Reader response to a Nov. 30th article on the New York Times site reflects some of the raging debate being stirred up by MIT’s OLPC project that I blogged about last week.
Some responses have been glowing, even naively positive, calling the distribution of these $150 notebook computers to 3rd world children a pivotal accomplishment in human history, on par with Gutenberg’s movable type that made possible the mass-production of books. Enthusiastic believers are quick to suggest that ready access to the Internet will introduce and bring acceptance to concepts of racial & gender equality, tolerance, and nonviolence in developing nations.
But some comments were more rational, with common-sense concerns about doling out computers in third-world nations where — at least in the western mindset — it seems people have more immediate needs, like clean water, food, medical supplies, and basic educational opportunities. And even more felt OLPC to be a technological solution to a social problem. For example:
“Is there some vast, unrestricted pool of [financial] resources dedicated to educational enterprises in developing countries? No, the $100 laptop idea is a notion that is attracting attention — and investment — where little had existed before. In fact, rather than take (arguably imaginary) funds away from teacher training and curriculum development, this project, naive or not, offers great potential to draw supplementary funding to such endeavors. At the very least, it's laying the groundwork for a cooperative effort to produce palpable results in the education of the world's children.”
“Governments should spend the little amounts they have for education on bulking up their respective teaching communities. If these laptops only last five years but teachers can teach for 20, 30 or 40 more years, what has the most benefit to any society as a whole?”
But most of the comments seemed in sync with my biggest concern — do computers in the classroom pay off for any child, third-world or otherwise:
“The track record to date [in the U.S.] is dismal, where 95% of K-12 classrooms have Internet connections, and the average ratio of students to computers is better than 4:1. Why would technology be any more effective in the developing world? Note, by the way, that in previous generations movies, radio, & television all were touted as educational panaceas.”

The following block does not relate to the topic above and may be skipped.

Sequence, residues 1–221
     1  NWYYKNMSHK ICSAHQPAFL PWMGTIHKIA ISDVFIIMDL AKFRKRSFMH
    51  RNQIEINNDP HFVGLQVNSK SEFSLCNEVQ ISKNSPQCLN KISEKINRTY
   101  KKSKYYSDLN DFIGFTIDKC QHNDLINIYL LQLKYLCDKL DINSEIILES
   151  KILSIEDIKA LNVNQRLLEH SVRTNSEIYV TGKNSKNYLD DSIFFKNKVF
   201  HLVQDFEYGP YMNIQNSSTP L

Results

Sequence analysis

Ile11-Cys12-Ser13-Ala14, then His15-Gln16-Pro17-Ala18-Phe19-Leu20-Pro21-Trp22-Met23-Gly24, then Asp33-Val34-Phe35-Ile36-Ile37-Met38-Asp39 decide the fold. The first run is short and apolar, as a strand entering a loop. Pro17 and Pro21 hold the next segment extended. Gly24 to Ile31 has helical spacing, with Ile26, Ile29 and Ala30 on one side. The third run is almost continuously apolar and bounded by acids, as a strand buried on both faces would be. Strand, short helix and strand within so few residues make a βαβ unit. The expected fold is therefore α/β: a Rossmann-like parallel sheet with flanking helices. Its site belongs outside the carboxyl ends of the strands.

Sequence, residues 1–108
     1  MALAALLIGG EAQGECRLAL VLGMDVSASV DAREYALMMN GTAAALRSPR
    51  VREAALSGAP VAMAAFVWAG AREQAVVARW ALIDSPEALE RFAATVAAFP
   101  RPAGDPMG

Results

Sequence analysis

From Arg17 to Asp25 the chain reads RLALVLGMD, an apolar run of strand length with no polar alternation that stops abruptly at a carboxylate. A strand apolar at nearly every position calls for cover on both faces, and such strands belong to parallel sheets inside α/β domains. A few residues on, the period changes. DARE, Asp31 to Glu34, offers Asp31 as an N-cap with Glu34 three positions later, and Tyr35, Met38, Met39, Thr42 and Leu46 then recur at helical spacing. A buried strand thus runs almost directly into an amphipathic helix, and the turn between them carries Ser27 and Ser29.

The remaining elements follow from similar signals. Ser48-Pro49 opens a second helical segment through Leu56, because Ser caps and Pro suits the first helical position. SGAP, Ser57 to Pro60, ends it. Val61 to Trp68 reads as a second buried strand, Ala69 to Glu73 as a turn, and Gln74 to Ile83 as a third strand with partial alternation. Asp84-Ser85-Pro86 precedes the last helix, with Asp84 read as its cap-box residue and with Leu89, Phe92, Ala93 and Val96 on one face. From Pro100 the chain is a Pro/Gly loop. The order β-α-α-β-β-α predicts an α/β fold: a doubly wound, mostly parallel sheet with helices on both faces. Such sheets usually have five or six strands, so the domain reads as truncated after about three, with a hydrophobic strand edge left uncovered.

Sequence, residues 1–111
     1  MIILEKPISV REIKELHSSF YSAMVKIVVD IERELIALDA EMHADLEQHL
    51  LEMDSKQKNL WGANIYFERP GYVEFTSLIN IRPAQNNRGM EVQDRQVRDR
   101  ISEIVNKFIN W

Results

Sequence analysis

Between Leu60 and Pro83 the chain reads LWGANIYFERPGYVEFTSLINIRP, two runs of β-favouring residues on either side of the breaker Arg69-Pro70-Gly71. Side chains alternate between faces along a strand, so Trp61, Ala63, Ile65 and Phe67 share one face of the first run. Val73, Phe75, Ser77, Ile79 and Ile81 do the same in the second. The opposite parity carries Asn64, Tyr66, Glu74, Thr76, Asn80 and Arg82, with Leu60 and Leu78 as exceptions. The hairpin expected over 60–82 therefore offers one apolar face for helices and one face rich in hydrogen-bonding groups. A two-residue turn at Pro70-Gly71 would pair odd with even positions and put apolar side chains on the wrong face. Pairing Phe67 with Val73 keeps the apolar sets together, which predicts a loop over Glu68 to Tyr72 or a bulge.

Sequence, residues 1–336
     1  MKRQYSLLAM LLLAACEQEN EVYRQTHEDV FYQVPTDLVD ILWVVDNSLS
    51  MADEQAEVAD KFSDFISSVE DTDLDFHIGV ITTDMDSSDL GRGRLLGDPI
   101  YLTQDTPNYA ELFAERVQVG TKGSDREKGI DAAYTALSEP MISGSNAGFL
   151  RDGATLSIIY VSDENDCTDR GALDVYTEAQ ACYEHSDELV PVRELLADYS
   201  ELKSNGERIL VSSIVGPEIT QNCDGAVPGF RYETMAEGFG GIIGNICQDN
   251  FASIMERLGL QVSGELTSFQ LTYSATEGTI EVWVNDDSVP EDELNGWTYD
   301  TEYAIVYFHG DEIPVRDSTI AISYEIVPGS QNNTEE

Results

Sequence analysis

“Good teachers first, computers second. Information accumulated in the absence of a conceptual foundation is confusing, not elucidating. If laptops were the key to 'learning how to learn' for the average student, America’s students would stand apart as the best & brightest in the Western world. [Yet] the data suggest otherwise. Educators have been seduced by technology [and corporate] marketing.”
“The U.S. is awash in computers, but it hasn’t done anything much to improve learning or knowledge. If anything, it has made things worse. Test scores are falling. Our youth can't do math, but can play games & surf the net just fine. Computers have proven to be a false panacea.”
“To believe 'learning how to learn' is more valuable than traditional memorization and testing flies in the face of plunging U.S. science & math scores. [And] reports of poor preparation for many recent graduates entering the workplace further fuels the debate.”
“Laptops for students means a loss of eye-contact. How is [the teacher] supposed to know if they're listening or playing Tetris?”
And of course, there were some bluntly anti-OLPC opinions:
“[$100 notebooks] will make a tremendous difference… assuming they're edible.”
“While beautiful in theory, this sounds a lot like giving out free ATM cards to Katrina victims.”
“To give [third-world children] laptops would be like giving flashlights to blind pupils led by blind teachers.”
“This seems like a good idea but might be analogous to giving everyone in the third-world a car but no money to buy gas. Eventually the computers will break and networks will fail — where’s the budget to support, replace, & maintain the computers?”
“This is simply the next link in a long chain of the abuse of the less sophisticated by the more technologically elite — to turn them into consumers of our own culture.”
So, what's your take on this?